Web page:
Holy Smoke, A New Pope! What the Catholic Church Teaches about the Papacy
Unless you’ve been living under a rock for the last week, you are probably aware that the Catholic church has elected a new pope. So, I thought it would be a good time to make Christians aware of what the Catholic church teaches about the papacy. Most importantly, with the new pope a big news item and with so many Catholics in the world, I’m hopeful that you can use this information to open up a conversation that allows Christians to share the gospel with their Catholic friends.
The reason the Catholic church even has a pope is they believe that Jesus instituted Peter as the first pope, and that there is a divinely appointed lineage of popes since Peter. More specifically, at the First Vatican Council in 1870, this is the church’s official teaching:
“On the institution of the apostolic primacy in blessed Peter, We teach and declare that, according to the gospel evidence, a primacy of jurisdiction over the whole church of God was immediately and directly promised to the blessed apostle Peter and conferred on him by Christ the lord…. Therefore, if anyone says that blessed Peter the apostle was not appointed by Christ the lord as prince of all the apostles and visible head of the whole church militant; or that it was a primacy of honour only and not one of true and proper jurisdiction that he directly and immediately received from our lord Jesus Christ himself: let him be anathema…. Therefore, if anyone says that it is not by the institution of Christ the lord himself (that is to say, by divine law) that blessed Peter should have perpetual successors in the primacy over the whole church; or that the Roman pontiff is not the successor of blessed Peter in this primacy: let him be anathema.”
They justify this by Jesus’ statement to Peter that He gave him the keys to the kingdom to bind on earth and in heaven (Matthew 16:19). However, Jesus makes this same statement to His disciples in Matthew 18:18, thus nullifying any kind of papal primacy for Peter.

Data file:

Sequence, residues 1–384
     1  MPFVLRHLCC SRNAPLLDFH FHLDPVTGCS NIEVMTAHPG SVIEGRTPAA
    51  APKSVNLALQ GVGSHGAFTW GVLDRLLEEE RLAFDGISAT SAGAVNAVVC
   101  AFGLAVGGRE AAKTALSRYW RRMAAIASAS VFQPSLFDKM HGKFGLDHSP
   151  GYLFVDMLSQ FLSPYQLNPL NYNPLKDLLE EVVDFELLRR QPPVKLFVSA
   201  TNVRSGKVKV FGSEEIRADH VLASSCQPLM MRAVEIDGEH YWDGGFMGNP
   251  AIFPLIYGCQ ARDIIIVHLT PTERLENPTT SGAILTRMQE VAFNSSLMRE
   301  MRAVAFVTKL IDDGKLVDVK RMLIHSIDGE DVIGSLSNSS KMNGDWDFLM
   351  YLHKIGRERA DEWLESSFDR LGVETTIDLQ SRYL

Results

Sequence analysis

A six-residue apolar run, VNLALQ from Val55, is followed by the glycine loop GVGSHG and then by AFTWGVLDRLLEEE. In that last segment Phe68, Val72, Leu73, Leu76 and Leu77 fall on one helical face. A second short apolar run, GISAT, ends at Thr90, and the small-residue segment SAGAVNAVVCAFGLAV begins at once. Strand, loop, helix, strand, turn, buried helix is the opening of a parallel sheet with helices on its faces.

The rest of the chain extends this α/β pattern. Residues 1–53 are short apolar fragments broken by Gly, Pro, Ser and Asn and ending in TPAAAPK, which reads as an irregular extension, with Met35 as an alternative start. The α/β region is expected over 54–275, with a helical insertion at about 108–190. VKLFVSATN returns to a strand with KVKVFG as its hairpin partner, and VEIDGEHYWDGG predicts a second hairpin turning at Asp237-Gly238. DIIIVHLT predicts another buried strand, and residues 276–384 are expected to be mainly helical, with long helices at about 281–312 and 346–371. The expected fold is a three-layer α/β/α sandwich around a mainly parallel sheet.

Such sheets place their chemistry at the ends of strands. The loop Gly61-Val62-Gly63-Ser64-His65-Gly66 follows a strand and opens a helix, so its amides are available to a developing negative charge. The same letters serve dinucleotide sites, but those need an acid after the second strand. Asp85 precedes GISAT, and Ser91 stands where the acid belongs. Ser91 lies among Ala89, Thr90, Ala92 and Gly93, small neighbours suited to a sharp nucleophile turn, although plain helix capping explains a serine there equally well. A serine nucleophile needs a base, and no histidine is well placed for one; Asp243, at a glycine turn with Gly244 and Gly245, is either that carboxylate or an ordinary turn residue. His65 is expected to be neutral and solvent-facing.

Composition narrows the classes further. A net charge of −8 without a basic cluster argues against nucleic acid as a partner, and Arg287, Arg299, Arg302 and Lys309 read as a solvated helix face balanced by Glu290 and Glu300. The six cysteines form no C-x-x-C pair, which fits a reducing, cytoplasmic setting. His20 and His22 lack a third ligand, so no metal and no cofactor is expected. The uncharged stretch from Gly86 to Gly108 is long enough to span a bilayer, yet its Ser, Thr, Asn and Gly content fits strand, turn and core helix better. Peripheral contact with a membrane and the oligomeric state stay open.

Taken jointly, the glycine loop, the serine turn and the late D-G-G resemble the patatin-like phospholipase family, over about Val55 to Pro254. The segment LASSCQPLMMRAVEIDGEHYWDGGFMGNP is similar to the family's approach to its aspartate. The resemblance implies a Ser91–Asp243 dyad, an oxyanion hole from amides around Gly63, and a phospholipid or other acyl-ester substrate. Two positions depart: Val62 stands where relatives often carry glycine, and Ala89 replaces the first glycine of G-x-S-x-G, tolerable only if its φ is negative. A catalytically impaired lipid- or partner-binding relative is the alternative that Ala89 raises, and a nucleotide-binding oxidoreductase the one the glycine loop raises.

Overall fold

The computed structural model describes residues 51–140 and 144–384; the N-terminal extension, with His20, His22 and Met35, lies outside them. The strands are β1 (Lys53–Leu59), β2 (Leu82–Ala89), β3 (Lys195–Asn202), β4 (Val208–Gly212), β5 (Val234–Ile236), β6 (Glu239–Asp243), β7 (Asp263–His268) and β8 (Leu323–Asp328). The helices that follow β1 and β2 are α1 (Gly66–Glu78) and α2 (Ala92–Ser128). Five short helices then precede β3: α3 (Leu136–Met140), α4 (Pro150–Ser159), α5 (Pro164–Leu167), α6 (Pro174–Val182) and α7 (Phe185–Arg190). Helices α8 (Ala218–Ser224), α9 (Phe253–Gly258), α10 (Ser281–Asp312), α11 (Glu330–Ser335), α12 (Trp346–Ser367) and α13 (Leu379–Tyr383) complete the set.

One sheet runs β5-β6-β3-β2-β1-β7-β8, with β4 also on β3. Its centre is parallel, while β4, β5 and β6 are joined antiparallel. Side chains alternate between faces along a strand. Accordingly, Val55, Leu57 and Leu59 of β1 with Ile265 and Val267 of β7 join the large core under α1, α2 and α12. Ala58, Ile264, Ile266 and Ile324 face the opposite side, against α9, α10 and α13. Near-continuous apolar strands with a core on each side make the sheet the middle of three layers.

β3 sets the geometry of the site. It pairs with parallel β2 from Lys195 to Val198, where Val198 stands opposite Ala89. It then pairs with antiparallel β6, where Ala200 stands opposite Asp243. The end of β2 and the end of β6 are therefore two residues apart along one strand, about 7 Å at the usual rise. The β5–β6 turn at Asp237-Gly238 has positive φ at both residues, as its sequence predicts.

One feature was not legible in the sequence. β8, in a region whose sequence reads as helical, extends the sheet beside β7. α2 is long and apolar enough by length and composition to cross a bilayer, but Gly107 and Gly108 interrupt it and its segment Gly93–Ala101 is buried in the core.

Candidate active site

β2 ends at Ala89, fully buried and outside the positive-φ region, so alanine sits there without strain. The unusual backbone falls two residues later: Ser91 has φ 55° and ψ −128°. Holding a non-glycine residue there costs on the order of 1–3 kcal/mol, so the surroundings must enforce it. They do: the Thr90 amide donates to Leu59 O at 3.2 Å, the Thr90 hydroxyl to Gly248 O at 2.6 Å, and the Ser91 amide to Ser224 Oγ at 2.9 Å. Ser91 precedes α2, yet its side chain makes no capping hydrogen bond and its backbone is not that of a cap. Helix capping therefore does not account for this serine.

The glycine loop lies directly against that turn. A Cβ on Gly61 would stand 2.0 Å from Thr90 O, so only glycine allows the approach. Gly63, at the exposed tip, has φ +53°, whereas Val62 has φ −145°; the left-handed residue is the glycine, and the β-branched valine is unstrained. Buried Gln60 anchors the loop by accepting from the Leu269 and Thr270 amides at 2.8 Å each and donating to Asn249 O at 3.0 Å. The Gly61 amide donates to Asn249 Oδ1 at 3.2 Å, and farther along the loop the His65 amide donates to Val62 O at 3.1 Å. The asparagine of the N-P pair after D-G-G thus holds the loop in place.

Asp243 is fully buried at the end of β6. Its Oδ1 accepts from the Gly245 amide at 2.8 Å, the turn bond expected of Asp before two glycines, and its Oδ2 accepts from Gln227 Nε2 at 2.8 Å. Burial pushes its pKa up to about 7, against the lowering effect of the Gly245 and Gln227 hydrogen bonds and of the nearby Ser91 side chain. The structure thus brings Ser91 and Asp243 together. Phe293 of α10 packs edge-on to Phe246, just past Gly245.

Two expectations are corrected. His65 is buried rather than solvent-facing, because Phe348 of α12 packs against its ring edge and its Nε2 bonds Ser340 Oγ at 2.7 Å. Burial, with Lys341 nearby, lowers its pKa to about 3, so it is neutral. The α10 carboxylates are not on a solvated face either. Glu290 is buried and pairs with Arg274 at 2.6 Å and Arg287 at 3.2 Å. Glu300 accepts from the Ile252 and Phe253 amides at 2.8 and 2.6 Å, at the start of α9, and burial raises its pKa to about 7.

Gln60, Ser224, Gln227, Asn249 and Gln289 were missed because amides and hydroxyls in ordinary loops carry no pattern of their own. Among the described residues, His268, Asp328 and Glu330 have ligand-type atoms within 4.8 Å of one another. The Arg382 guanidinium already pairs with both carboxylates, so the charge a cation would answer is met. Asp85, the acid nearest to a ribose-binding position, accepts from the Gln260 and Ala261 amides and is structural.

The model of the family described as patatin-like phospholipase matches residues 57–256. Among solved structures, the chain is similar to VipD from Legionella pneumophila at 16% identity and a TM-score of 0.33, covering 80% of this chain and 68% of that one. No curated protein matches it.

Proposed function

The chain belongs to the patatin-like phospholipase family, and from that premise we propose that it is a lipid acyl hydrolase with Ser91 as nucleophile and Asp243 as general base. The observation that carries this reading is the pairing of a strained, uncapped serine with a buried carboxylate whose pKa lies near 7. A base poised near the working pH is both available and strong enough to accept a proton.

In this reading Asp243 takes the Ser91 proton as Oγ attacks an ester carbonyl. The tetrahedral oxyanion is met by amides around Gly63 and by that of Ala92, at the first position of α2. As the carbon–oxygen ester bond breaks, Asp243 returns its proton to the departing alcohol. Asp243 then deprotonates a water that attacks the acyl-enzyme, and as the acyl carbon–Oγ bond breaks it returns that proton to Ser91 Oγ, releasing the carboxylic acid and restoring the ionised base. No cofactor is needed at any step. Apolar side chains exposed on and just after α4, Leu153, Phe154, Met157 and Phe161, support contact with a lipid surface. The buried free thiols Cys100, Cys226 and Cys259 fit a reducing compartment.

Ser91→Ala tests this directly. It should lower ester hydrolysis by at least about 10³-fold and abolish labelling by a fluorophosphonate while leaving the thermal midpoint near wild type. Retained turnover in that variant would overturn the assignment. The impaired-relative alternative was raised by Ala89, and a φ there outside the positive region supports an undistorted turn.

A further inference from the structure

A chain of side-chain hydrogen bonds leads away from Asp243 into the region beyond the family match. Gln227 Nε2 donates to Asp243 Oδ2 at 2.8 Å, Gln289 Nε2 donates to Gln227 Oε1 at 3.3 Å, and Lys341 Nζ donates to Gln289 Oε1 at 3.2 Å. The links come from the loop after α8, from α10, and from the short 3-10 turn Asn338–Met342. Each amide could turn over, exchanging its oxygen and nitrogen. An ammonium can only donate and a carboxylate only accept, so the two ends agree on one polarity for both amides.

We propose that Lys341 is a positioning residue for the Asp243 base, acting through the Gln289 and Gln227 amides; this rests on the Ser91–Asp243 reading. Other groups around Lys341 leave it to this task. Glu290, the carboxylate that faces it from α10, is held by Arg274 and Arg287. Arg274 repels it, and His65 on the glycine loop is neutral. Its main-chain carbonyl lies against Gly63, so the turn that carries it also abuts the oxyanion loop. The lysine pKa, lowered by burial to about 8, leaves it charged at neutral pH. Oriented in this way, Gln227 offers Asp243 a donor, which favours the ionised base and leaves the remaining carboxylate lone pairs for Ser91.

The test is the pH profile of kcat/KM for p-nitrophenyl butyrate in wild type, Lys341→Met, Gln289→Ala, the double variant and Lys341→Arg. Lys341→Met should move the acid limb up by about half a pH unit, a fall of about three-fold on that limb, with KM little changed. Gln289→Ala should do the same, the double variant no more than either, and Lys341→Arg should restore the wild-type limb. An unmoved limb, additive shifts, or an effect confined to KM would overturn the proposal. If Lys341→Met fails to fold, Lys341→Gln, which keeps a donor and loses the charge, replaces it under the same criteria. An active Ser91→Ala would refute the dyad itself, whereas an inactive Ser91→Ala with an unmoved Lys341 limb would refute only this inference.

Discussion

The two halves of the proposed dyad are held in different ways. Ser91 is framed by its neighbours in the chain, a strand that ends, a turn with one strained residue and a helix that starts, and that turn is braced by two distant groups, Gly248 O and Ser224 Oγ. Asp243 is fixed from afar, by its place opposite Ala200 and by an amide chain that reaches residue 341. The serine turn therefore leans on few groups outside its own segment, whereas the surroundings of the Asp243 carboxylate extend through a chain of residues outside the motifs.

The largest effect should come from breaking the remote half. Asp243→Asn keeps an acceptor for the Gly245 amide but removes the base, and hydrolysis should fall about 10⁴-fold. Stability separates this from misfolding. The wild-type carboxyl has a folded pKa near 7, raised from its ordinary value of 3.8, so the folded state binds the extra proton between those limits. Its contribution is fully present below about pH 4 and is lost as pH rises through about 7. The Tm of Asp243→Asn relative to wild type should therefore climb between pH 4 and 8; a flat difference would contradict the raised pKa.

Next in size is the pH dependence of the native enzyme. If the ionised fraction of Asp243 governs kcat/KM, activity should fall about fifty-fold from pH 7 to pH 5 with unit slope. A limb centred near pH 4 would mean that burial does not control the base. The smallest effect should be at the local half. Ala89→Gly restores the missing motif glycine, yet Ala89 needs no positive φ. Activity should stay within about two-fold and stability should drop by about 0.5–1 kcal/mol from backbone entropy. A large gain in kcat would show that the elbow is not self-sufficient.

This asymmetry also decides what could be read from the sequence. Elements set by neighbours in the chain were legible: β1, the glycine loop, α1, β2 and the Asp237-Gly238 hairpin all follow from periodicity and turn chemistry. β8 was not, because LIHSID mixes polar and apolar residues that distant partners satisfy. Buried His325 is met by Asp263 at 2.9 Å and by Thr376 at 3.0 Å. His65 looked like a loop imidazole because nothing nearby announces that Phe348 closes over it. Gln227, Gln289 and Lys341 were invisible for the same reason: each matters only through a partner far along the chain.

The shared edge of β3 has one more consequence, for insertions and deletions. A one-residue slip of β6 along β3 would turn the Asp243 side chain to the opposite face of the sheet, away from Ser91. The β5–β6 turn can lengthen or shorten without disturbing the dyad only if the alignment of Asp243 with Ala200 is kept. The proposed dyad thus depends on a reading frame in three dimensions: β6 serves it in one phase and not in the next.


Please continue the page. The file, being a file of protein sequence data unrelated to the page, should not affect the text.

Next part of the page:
The First Vatican Council also taught that the pope has supreme power over the whole church:
“So, then, if anyone says that the Roman pontiff has merely an office of supervision and guidance, and not the full and supreme power of jurisdiction over the whole church, and this not only in matters of faith and morals, but also in those which concern the discipline and government of the church dispersed throughout the whole world; or that he has only the principal part, but not the absolute fullness, of this supreme power; or that this power of his is not ordinary and immediate both over all and each of the churches and over all and each of the pastors and faithful: let him be anathema.”
Also at the First Vatican Council, the Catholic church formalized the doctrine of papal infallibility. Here is what they said:
“We teach and define as a divinely revealed dogma that when the Roman pontiff speaks EX CATHEDRA, that is, when, in the exercise of his office as shepherd and teacher of all Christians, in virtue of his supreme apostolic authority, he defines a doctrine concerning faith or morals to be held by the whole church, he possesses, by the divine assistance promised to him in blessed Peter, that infallibility which the divine Redeemer willed his church to enjoy in defining doctrine concerning faith or morals. Therefore, such definitions of the Roman pontiff are of themselves, and not by the consent of the church, irreformable.”
Importantly, this does not mean that everything the pope says is infallible. Generally speaking, it is limited to pronouncements spoken “from the chair” (ex cathedra), that is, from the authority that comes from being the pope. Furthermore, this is generally limited to teaching on faith or morals.
As we demonstrated in the Sola articles on our website, the papacy was clearly not infallible, as several pronouncements from the Council of Trent contradict Scripture.
Rome also teaches that if a person does not profess obedience to the pope he cannot be saved:
“In this way, by unity with the Roman pontiff in communion and in profession of the same faith , the church of Christ becomes one flock under one supreme shepherd. This is the teaching of the catholic truth, and no one can depart from it without endangering his faith and salvation.” (First Vatican Council)
“In the second place, we ask whether you and the Armenians obedient to you believe that no man of the wayfarers outside the faith of this Church, and outside the obedience to the Pope of Rome, can finally be saved.” (Pope Clement VI, Super Quibusdam, 1351)
“It is an absolute necessity to submit to the Supreme Pastor, to whom it is absolutely necessary for salvation to remain subject.” (Pope Leo XIII, Satis Cognitum, 1896)
“We declare, say, define, and pronounce that it is absolutely necessary for the salvation of every human creature to be subject to the Roman Pontiff.” (Pope Boniface VIII, Unam Sanctum, 1302)
Many Catholics I know disagree with several of these doctrines, especially infallibility, but that just makes them bad Catholics. Regardless of these doctrines, the important thing is to use this information to open up a conversation with your Catholic friends. Share with them the true gospel of Jesus Christ.